Lecture at the Chinese University in Hong Kong – Chung Chi College (of Theology) on Saturday, October 9, 2010

By H.G. Dr. Mar Awa Royel
Bishop of California and Secretary of the Holy Synod

Reverend clergy, friends and dear enthusiasts of the Jingjiao. It is a great privilege for me to stand here before you at the Chinese University of Hong Kong and address you concerning the history of the Assyrian Church of the East and its evangelization of the great Chinese people. I believe our visit these days is record-making, and for us to travel in the footsteps of our ancient spiritual forefathers, it is breath-taking. I’m sure the history of the evangelization of China by the Church of the East is well known to all of you, probably than it is to us. However, I stand here as a descendent of the great forefathers of the Jingjiao who first came to this blessed land in the early half of the seventh century of the Christian era, bearing the saving Gospel of Jesus Christ and His Good News to the Chinese, among them the bishop Alopen, the chor-bishop Adam, etc. In advance, I thank you for the courtesy afforded for me to address you, and I would like to thank the friends and staff of the Institute of Sino-Christian Studies for their magnanimous task of arranging our visit and sojourn in Hong Kong this week.

The first evangelizers who introduced the Christian faith to the Chinese people were the apostles of the Church of the East. The Christian faith of the Assyrian Church of the East was referred to in the Chinese records as the ‘Luminous Religion’ or ‘Jingjiao’ (景教). The imperial Chinese records recount that in the year 635 AD the illustrious and virtuous ‘Alopen’ (according to P.Y. Saeki ‘Abraham’) arrived in Ch’an-An, or according to the ‘Nestorian monument’ Kumdan (later called ‘Hsi-an’) from the country of Syria, or Ta’chin. Emperor Tai-tsung (founder of the Tang Dynasty, 618-907 AD) accorded the Christian teacher from the East every respect and sent his prime minister by the name of Fang Hiuen-ling to conduct the visitor inside. The Scriptures which Alopen had translated were deposited in the imperial library, and after having examined the faith contained therein, the emperor gave orders that the ‘Luminous Religion’ of Alopen be spread in all the realm. Thus, in July of 638 AD the emperor decreed:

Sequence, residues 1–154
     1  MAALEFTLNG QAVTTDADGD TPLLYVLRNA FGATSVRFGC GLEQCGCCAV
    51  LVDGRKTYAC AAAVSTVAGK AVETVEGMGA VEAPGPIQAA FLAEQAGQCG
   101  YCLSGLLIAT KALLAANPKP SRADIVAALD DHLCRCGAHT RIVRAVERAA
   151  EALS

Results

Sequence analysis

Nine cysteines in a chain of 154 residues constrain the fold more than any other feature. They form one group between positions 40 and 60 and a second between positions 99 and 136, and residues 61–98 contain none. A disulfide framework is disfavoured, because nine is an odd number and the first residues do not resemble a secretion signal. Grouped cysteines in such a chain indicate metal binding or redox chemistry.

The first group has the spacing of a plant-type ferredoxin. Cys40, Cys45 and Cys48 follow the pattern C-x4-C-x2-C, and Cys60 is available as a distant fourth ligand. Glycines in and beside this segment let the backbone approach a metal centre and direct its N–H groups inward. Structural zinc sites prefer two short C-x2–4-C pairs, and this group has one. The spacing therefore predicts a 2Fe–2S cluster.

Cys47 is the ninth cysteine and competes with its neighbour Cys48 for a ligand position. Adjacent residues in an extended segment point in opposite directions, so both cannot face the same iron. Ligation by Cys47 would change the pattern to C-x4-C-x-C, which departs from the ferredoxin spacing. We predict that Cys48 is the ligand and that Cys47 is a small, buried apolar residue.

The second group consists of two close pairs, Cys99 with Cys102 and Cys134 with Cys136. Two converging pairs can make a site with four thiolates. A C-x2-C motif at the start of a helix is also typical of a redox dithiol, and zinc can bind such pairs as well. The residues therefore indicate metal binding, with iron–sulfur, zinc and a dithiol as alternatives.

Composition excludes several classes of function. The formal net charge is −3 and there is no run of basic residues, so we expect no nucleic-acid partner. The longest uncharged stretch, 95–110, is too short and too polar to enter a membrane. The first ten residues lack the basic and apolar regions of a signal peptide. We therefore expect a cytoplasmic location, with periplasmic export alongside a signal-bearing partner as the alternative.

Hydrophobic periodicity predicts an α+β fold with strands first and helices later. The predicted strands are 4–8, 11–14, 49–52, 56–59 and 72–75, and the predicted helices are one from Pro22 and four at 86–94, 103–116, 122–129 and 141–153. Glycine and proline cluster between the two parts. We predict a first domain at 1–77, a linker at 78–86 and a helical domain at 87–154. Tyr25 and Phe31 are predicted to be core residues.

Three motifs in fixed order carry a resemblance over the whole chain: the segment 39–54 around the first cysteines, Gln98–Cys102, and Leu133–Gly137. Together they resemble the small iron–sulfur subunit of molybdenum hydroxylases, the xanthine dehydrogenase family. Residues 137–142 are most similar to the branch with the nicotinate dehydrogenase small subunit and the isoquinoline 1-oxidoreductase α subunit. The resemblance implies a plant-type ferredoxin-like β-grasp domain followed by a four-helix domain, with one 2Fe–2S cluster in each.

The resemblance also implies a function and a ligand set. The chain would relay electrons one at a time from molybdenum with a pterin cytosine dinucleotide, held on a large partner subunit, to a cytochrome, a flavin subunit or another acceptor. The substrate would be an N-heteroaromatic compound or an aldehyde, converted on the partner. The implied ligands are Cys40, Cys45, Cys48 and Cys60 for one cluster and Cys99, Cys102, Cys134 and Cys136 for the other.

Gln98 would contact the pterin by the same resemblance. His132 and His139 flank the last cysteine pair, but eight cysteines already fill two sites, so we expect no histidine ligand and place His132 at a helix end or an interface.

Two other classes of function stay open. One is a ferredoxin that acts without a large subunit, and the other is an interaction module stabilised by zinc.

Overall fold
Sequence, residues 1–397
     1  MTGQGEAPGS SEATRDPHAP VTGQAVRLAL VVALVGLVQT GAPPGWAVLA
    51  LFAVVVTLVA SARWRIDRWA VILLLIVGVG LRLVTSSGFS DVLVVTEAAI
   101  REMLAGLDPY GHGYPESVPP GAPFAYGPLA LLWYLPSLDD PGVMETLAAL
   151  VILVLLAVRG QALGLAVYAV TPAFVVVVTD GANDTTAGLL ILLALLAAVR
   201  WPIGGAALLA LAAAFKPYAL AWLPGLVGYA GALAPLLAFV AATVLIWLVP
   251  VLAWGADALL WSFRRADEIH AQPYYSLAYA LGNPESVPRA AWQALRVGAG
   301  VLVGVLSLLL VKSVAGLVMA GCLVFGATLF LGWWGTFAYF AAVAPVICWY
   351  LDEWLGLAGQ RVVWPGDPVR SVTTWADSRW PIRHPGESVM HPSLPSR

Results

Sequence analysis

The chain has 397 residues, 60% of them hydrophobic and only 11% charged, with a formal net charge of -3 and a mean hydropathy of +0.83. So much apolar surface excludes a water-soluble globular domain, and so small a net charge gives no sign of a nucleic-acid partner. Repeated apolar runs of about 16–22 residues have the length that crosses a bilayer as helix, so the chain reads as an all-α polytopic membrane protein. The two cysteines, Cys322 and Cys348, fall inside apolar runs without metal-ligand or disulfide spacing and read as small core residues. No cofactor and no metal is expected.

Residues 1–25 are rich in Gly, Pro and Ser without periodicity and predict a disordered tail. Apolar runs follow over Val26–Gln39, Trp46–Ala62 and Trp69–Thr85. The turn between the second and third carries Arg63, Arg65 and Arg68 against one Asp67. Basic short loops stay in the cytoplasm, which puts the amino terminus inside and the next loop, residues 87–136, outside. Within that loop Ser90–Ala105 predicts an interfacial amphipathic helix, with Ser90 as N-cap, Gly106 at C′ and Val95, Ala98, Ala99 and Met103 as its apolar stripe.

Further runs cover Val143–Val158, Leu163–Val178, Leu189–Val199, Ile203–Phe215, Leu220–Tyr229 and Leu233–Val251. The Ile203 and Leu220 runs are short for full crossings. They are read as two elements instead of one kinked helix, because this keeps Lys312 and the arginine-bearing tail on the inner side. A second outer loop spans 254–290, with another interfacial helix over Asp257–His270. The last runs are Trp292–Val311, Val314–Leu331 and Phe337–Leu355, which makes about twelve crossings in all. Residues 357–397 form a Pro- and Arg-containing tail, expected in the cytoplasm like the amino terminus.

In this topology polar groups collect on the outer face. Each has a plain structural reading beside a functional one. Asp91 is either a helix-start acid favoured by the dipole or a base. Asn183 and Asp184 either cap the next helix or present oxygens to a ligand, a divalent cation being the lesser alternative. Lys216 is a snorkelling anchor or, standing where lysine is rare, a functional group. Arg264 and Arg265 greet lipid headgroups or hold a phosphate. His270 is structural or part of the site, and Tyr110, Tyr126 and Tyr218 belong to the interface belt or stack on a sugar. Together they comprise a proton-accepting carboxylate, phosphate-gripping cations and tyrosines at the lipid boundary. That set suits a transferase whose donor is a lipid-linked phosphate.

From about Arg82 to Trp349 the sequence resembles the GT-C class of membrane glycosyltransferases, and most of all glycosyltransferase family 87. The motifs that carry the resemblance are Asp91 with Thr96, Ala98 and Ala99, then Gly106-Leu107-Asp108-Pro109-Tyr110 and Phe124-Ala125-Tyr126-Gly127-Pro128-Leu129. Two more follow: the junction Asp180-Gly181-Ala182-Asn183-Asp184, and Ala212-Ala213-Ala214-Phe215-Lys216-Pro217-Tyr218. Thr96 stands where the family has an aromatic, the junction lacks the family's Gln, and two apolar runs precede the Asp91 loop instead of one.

“Right principles have no invariable name, holy men have no invariable station; instruction is established in accordance with the locality, with the object of benefiting the people at large. The greatly virtuous Alopen, of the kingdom of Syria, has brought his sacred books and images from that distant part, and has presented them at our chief capital. Having examined the principles of this religion, we find them to be purely excellent and natural; investigating its originating source, we find it has taken its rise from the establishment of important truths; its ritual is free from perplexing expressions, its principles will survive when the framework is forgotten; it is beneficial to all creatures; it is advantageous to mankind. Let it be published throughout the empire, and let the proper authority build a Syrian church in the capital in the I-ning May, which shall be governed by twenty-one priests. When the virtue of the Chau dynasty declined, the rider on the azure ox ascended to the west; the principles of the great Tang becoming resplendent, the illustrious breezes have come to fan the East.”